Bladder Issue At Night, 2017
Oil on canvas
Break up tradition, 2015
Acrylic and oil on canvas
Garden of Underwears, 2016
Oil on canvas
Sulki Kim is in first year of MFA student in Drawing and Painting. She graduated with her Bachelor’s degree from the School of the Art Institute of Chicago. She was born and grew up in Korea until she moved to the multicultural city Kuala Lumpur in Malaysia. Shortly thereafter, she began studying in the United States. Through these experiences, she gained an understanding of different cultures and their values. Her paintings weave together fragments of personal experiences and imagined spaces and happenings.
My art is a visual record of my subjective psychological reactions. My paintings document perennial experiences, which never happened and, in most cases, cannot happen in reality, that I encounter within my consciousness. I paint imaginary thoughts that I engage in and my interactions with daily mundane space and object, thus creating serendipitous events. My ultimate goal is to depict, through distortion and abstraction, the spaces and objects that surround my personal daily life more entertainingly than they usually appear.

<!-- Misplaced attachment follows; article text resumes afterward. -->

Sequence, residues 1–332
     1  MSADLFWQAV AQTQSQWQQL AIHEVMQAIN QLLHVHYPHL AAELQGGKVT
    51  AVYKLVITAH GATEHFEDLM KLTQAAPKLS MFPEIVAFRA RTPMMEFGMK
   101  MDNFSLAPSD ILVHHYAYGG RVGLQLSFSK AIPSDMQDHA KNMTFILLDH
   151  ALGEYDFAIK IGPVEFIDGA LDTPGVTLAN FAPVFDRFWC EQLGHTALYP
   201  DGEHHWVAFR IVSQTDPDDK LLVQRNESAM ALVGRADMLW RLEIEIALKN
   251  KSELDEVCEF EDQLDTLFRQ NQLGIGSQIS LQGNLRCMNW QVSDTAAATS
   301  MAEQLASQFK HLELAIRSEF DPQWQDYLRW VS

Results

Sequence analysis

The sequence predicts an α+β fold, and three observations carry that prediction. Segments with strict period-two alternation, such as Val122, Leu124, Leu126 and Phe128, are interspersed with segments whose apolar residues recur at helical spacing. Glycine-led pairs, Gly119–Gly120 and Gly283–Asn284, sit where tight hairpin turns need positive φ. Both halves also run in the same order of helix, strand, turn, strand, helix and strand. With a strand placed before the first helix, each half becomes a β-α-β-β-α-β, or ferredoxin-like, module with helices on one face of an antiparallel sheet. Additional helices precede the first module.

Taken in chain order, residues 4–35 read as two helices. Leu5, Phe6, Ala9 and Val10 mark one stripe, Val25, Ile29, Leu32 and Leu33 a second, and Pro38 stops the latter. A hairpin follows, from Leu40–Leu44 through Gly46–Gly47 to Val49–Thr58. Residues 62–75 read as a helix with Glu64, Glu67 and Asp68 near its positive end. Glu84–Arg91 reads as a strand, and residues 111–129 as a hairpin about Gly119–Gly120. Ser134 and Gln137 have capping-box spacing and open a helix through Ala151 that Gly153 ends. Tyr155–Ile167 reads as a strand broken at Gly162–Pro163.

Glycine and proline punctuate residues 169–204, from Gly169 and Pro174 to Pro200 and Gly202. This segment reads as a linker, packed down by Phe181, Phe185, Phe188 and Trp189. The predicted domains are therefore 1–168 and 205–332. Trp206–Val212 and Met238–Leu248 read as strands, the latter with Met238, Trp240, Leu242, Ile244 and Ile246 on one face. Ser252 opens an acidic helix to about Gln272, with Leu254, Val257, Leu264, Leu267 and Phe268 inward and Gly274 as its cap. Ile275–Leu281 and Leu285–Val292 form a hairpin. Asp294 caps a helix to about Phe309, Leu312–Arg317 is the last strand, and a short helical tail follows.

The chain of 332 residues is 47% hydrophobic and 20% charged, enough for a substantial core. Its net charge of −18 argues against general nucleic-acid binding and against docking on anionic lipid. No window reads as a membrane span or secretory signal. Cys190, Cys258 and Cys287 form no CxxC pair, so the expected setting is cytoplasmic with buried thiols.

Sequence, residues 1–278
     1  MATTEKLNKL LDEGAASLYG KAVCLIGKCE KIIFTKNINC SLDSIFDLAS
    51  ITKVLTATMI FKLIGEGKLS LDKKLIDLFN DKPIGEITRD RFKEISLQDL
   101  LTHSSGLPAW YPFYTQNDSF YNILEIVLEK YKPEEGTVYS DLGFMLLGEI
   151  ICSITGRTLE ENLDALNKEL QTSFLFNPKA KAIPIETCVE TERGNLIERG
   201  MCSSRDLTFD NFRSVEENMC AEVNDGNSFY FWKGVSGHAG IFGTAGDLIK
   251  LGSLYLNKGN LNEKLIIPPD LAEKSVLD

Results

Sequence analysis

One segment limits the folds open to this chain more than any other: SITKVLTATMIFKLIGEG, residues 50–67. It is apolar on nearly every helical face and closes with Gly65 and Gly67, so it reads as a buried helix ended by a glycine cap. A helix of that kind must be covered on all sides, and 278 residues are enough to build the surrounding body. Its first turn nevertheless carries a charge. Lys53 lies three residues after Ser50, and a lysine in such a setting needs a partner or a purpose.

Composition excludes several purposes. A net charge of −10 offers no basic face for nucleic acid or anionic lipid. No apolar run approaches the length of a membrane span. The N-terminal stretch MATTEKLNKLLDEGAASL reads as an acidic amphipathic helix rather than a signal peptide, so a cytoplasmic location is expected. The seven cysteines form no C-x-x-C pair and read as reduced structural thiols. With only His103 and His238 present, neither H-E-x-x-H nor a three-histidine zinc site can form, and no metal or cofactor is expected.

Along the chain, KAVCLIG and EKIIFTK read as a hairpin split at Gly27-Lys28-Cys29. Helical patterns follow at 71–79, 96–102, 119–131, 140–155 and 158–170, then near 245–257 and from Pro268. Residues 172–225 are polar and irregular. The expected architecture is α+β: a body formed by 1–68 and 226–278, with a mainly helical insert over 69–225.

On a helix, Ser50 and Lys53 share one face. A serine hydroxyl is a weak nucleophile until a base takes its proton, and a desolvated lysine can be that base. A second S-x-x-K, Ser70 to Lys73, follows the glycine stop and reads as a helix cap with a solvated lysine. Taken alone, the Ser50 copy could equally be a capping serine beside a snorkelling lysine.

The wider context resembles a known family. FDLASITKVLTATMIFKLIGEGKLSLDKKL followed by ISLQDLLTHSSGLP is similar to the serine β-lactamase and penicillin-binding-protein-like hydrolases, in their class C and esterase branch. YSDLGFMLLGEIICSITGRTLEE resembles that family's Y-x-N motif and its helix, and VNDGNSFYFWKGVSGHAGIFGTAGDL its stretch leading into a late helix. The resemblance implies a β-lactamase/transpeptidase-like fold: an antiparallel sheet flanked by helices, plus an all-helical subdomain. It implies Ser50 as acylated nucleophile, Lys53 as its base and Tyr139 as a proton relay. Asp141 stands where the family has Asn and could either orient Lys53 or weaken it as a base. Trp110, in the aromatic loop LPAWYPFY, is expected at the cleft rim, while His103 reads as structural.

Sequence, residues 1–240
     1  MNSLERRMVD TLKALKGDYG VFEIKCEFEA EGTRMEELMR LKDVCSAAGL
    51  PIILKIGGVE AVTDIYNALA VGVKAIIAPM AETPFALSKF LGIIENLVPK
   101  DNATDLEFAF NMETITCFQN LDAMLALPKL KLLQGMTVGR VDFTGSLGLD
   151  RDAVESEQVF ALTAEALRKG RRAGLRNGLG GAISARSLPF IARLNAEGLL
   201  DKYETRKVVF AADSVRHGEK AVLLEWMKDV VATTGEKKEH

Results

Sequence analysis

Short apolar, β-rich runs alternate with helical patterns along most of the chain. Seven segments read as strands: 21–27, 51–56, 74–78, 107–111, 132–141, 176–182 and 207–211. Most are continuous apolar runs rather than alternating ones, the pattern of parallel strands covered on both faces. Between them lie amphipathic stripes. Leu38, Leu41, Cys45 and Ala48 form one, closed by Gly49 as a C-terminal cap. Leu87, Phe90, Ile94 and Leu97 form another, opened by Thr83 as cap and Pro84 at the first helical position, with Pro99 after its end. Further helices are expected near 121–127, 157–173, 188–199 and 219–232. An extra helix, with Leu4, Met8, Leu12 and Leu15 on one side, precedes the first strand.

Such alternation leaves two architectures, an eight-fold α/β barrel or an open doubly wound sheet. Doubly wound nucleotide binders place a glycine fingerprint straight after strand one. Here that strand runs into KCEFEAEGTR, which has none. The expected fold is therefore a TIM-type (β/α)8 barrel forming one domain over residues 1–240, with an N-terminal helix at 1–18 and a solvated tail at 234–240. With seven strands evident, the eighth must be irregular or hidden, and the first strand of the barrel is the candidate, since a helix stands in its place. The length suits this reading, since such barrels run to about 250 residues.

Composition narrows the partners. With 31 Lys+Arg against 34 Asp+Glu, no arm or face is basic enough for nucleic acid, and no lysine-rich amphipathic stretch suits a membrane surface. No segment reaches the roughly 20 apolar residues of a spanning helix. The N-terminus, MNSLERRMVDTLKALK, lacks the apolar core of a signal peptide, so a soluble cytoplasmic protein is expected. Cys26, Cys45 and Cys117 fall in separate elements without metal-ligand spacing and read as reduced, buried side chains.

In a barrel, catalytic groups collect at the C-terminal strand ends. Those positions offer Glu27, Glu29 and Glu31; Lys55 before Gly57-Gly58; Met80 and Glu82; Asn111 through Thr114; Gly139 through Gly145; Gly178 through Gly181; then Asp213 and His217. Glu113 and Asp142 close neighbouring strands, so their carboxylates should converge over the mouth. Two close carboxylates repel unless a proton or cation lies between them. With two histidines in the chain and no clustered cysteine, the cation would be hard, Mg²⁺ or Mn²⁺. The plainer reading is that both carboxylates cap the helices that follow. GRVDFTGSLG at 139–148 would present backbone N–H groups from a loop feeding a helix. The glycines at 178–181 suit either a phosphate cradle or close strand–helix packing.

I begin a painting by creating a fragment of space, and then start filling in with one layer of mundane objects after another. These mundane objects, which are referenced from my previous sketches, amalgamate to create a unique imaginary experience, portraying a specific moment or event that reveals my personal desires, flaws, and struggles. The objects and ambience of that particular space are, hence, a substitution for myself. Bold colors, harsh brushstrokes, repeating patterns, and intentional abstractions are used to accentuate comical characteristics of each element.
Limitation results in unexpected thoughts, and hence, giving limitation to specific fragments of space is the essential and primary phase in my painting process. Functioning like a zoom button on a camera, these fragmented spaces that I create result in different portrayals and perspectives of the usual, routine spaces. As a result, my paintings propose dialogues between everyday spaces and private imaginative thoughts. During the process, I dramatize humorous aspects of my imagination in order to eliminate tedious and sometimes cruel reality. Ultimately, my paintings are invitations to viewers who may observe my thoughts expressed through visual language.